Gandhi's Views On Religion
Prayer In Gandhi's Ashram
"Worshipping God is singing the
praise of God. Prayer is a confession of one's unworthiness and weakness. God
has a thousand names, or rather, He is Nameless. We may worship or pray to Him
by whichever name that pleases us. Some call Him Rama, some Krishna, others call
Him Rahim, and yet others call Him God. All worship the same spirit, but as all
foods do not agree with all, all names do not appeal to all. Each chooses the
name according to his associations, and He being the In-Dweller, All-Powerful
and Omniscient knows our innermost feelings and responds to us according to our
Worship or prayer, therefore, is not
to be performed with the lips, but with the heart. And the prayers of those
whose tongues are nectared but whose hearts are full of poison are never heard.
He, therefore, who would pray to God, must cleanse his heart. Rama was not only
on the lips of Hanuman, He was enthroned in his heart. He gave Hanuman
exhaustless strength. In His strength he lifted the mountain and crossed the
ocean. That faith is nothing but a living, wide awake consciousness of God
within. He who has achieved that faith wants nothing. Bodily diseased he is
spiritually healthy, physically poor, he rolls in spiritual riches.
The language of the lips is easily
taught; but who can teach the language of the heart? Only the bhakta - the true
devotee - knows it, can teach it. The Gita has defined the bhakta in three
places and talked of him generally everywhere. But a knowledge of the definition
of a bhakta is hardly a sufficient guide. They are rare on this earth. I have
therefore suggested the Religion of Service as the means. God Himself seeks for
His seat the heart of him who serves his fellowmen...
At the morning prayer we first
recite the shlokas (verses) printed in Ashram Bhajanavali (hymnal), and then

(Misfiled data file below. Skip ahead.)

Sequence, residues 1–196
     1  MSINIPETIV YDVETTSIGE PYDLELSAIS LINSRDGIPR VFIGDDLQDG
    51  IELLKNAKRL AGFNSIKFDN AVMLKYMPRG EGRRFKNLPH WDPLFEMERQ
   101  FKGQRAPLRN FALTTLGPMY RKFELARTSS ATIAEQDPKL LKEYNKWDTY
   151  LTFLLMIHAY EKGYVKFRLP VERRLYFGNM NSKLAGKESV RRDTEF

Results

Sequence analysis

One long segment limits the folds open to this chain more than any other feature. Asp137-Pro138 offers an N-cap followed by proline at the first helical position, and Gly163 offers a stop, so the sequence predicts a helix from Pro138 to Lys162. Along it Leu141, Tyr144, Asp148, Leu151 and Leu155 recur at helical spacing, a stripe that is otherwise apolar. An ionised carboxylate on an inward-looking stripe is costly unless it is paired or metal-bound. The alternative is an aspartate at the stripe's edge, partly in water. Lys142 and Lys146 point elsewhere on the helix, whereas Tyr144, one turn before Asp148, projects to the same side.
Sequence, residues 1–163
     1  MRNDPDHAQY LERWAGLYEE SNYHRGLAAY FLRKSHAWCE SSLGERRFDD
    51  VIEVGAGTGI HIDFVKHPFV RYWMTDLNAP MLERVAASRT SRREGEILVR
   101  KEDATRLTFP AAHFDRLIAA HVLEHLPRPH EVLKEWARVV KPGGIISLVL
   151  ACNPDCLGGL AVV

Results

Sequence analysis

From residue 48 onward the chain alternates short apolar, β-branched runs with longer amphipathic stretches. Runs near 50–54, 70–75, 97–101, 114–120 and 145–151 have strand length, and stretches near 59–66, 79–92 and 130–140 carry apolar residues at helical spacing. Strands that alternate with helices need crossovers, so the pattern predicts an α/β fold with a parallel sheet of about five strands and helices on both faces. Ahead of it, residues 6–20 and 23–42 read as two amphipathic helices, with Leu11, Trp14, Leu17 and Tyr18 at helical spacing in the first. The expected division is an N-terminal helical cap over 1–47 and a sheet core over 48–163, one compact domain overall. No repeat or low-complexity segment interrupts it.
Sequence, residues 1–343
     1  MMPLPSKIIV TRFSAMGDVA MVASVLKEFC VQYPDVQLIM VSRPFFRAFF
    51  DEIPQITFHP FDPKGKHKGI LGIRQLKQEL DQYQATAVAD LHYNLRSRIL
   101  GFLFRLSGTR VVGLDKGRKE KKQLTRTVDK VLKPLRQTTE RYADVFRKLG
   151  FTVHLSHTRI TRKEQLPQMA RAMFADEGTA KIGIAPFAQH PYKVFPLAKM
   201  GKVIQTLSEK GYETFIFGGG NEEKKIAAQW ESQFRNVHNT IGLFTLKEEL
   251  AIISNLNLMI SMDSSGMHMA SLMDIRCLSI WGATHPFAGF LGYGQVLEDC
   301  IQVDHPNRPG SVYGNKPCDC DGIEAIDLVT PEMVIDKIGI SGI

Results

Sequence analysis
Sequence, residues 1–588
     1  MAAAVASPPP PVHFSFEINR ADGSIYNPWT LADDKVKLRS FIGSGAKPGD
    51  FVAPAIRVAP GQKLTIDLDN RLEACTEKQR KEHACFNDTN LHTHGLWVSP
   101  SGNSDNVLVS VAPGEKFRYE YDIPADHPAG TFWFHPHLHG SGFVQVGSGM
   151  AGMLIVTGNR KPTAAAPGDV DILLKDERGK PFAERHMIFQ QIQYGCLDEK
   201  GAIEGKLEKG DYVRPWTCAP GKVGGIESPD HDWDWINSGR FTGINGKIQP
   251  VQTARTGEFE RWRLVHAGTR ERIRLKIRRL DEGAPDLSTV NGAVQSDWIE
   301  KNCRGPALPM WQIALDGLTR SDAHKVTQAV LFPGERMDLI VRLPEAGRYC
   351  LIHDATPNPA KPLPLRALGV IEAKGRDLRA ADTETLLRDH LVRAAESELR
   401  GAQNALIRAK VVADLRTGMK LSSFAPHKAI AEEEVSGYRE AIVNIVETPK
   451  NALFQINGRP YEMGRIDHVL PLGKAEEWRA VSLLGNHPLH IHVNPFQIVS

sing one bhajan (hymn) followed by Ramadhun (repetition of the Gita). There is
history attached to almost every shloka and every slected bhajan. The
Bhajanavali contains, among others, bhajans from Muslim Sufis and fakirs, from
Guru Nanak, and from the Christian hymnary. Every religion seems to have found a
natural setting in the prayer book. In the evening we have recitation of the
last 19 verses of the second chapter of the Gita, one bhajan and Ramadhun and
then read a portion of a sacred book.
The shlokas were selected by Shri
Kaka Kalelkar who has been in the Ashram since its foundation. Shri Maganlal
Gandhi met him in Shantiniketan, when he and the children of the Phoenix
Settlement went there from South Africa while I was still in England. Dinabandhu
Andrews and the late Mr. Pearson were then in Shantiniketan. I had advised
Maganlal to stay at some place selected by Andrews. And Andrews selected
Shantiniketan for the party.
Kaka was a teacher there and came
into close contact with Maganlal. Maganlal had been feeling the want of a
Sanskrit teacher which was supplied by Kaka. Chintamani Shastri assisted him in
the work. Kaka taught the children how to recite the verses repeated in prayer.